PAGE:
SINGAPORE - All secondary school students will receive a personal laptop or tablet for learning by next year - seven years ahead of the original target.
The recent move by Education Minister Ong Ye Kung to bring forward the plan is one of the ways the Government, schools and the community are working together to keep social mobility alive, and ensure every individual is afforded the opportunity to do well regardless of their starting point, said Senior Minister Tharman Shanmugaratnam on Wednesday (June 17).
In a national televised broadcast, Mr Tharman, who is also the Coordinating Minister for Social Policies, said social mobility is an integral part of Singapore's identity, and is the reason Singapore has been able to transform its society since the 1960s.
"Generations of children from humble backgrounds have moved up in life, through education, and by working hard in their jobs and businesses.
"Even today, Singaporeans who grow up in lower-income families have a better chance of moving up the income ladder than those in most other advanced countries," he noted as he spoke on social mobility during the fifth ministerial broadcast in a series of six.
Mr Tharman, however, cautioned that there is "nothing natural or pre-ordained about social mobility".
Every successful country has found that it gets more difficult to sustain this with time, and the gap widens when parents with higher education or who have become better off invest more in their children, moving them further ahead of the rest, he noted.
"We must never become a society where social pedigree and connections count for more than ability and effort."
Mr Tharman said the Government and its partners have been working to equalise opportunities for Singaporeans by investing in early childhood education and schools, as well as by allocating extra resources for students from disadvantaged backgrounds.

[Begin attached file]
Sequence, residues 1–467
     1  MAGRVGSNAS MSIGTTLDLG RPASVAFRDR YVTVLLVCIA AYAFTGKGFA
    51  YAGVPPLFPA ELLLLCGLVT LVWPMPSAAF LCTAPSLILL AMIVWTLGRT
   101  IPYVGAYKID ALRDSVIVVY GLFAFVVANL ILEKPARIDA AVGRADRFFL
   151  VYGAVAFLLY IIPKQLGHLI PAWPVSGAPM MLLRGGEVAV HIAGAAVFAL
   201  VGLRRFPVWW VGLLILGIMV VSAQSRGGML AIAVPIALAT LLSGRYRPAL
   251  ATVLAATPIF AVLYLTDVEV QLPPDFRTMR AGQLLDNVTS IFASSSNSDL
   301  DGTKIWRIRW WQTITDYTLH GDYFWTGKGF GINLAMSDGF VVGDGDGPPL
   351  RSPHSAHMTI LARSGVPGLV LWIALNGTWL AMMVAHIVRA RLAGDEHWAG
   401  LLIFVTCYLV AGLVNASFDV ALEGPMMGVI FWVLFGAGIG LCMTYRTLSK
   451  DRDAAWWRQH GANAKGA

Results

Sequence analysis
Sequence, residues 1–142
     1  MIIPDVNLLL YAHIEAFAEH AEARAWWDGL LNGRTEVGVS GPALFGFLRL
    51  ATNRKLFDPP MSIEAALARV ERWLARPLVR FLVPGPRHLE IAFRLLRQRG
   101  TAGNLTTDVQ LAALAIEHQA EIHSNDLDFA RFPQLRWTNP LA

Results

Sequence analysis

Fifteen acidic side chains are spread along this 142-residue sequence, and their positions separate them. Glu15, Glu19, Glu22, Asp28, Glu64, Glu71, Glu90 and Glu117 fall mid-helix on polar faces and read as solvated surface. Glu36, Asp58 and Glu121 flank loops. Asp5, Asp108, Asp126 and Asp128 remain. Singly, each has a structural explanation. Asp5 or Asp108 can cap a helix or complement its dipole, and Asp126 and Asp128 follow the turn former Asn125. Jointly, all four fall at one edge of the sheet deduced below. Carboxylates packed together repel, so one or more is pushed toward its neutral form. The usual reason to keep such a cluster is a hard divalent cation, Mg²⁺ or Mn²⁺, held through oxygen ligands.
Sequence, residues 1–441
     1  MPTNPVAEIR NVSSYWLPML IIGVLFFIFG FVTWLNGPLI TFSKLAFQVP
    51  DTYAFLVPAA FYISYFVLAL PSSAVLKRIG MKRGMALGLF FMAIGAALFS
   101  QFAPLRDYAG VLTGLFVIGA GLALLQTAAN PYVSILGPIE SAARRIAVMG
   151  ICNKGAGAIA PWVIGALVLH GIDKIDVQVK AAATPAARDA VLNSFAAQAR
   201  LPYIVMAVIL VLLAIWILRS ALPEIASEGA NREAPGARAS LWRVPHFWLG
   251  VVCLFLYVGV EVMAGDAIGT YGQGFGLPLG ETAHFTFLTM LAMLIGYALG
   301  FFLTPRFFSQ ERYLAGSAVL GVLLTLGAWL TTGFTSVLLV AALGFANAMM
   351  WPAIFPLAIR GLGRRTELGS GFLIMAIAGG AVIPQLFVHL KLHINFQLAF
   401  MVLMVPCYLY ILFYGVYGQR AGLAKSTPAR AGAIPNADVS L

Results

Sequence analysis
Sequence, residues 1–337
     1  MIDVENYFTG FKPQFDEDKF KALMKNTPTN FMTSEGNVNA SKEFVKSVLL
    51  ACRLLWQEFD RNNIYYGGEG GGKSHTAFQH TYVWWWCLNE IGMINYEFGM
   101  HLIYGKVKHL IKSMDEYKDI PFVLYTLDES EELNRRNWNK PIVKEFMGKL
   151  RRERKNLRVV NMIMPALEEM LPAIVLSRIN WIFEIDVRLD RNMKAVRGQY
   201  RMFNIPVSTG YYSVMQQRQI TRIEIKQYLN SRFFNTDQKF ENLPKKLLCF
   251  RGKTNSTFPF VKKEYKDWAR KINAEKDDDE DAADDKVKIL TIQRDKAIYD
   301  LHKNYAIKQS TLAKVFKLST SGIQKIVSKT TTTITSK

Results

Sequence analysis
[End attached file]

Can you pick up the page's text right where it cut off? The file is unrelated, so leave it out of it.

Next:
In early childhood, it is expanding the KidStart programme to help lower-income families and their children in the earliest years, which are critical to their development.
First introduced in 2016, it provides advice and support to families on various aspects of bringing up children, such as nutrition, child development and parent-child interaction. The aim is to enable them to have a good start in life.
The pre-school profession has also been upgraded, and the National Institute of Early Childhood Development has been set up to raise standards in the industry. " So whichever pre-school your child goes to, he or she will have a good start,' said Mr Tharman.
During the circuit breaker period, schools have also made sure every child who needs extra support will receive the attention he or she needs, he added. "Our teachers made great effort to help students from poorer homes and those at risk, to ensure they did not fall behind."
The work does not stop there, he said.
The Ministry of Education has been allocating extra resources to schools for students from disadvantaged backgrounds, and they will be given even more support in the coming years, with the hiring of more teachers, allied educators, student welfare officers and teacher-counsellors, he added.
This will boost the efforts of those in schools that are supporting pupils who are doing less well in primary schools, as well as the efforts in the ministry's Uplift (Uplifting Pupils in Life and Inspiring Families Taskforce) programme.
In Uplift, schools and the community collaborate to support students from disadvantaged families.
The additional resources will also help students to go as far as they can through the full Subject-Based Banding system in secondary schools, which allows students to take subjects at varying levels of difficulty based on their strengths.
"When you add up all we are doing, starting from the earliest years of childhood onward, we are making a determined effort to keep Singapore a place where every individual can do well, regardless of their starting points," said Mr Tharman.